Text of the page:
“Nice shirt,” I said to Jess. “How would you describe the colour… badger-pie?” Jess stuck her tongue out at me.

Maury looked at my two-pie-piece plate. “You would have taken one of each even had there been four, wouldn’t you?”

“At least one, yes,” I said, and took a bite. “Mmm. Yummy.”

He nodded. “You really are a magpie.”

“Pies for the pie,” I said. More for the benefit of Elisa and perhaps Daryl – Maury and Jess probably knew this – I added, “Magpies were originally called pies, from Latin pica. The mag was added perhaps in the same way as adding Jack to daw it seems to be from Maggie.”

“So did someone bake four-and-twenty of them in a pie some time?” Elisa asked between bites.

I almost started singing “Pie-pie blackbird,” but thought better of it. “No one’s entirely sure where pie for the dish came from,” I said, eyeing the pies, “but it dates from after pie for the bird, and the first ones were made of a variety of savoury things and meats, so it might have been a magpie-style collection. But that’s speculation. Perhaps with further research…”

“You’ll get pie in the sky when you die,” Jess said, echoing the cynical line that originated the phrase pie in the sky.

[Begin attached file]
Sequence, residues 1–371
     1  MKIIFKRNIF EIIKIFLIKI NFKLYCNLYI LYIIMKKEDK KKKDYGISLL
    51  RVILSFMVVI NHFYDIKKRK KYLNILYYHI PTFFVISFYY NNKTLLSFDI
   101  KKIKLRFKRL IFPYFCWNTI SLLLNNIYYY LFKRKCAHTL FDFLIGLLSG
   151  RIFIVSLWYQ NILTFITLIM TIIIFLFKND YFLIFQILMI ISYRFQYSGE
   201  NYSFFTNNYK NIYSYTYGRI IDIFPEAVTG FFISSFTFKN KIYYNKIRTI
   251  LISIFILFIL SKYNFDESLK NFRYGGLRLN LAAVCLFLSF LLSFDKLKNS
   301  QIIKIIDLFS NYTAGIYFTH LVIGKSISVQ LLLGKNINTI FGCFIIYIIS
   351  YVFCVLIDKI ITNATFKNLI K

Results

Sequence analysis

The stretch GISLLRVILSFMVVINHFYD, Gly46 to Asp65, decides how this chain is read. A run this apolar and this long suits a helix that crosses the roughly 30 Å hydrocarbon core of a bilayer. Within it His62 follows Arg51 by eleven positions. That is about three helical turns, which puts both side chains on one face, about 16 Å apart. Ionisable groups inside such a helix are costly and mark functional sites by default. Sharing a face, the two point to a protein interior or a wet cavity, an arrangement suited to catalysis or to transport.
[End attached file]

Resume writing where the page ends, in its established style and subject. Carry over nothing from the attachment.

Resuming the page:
“As long as I could have it with a nice glass of port,” I said.

“And get thoroughly pie-eyed?” Maury said.

“Why not,” I said. “Make the pie higher!”

Thanks to Christina Vasilevski, who brought pie to work today and inspired this.

erg

A sea of shifting sand dunes stretches before you, mile upon mile of massive mounds made of minuscule particles of silica. It is hot. You are thirsty. You are baking, you are boiling; the sand is shifting and blowing. You must walk up this dune, down this dune, up this dune, down this dune, and on and on, and the sand is soft beneath your feet… Every smallest expense of effort exhausts you; with each motion all you can say is “Erg… erg.”

And indeed there are two words erg, unrelated. One is from Greek ἔργον ergon, “work”, and is a unit of measurement in the metric system for a small amount of physical work done: a force of one dyne exerted over one centimetre – in other words, one gram centimetre-squared per second-squared, or 100 nanojoules. The other is from Arabic arq or irq or Berber irj, depending on the source you consult. It refers to one of those great seas of dunes – an area of at least 125 square kilometres where sand covers at least 20% of the surface and shifts about in the wind to make dunes. Think Lawrence of Arabia. (They have them on other planets, too, and they are an important feature on Titan, one of Saturn’s moons.) In other words, one meaning is even smaller than this three-letter, two-phoneme word, and the other is much, much larger.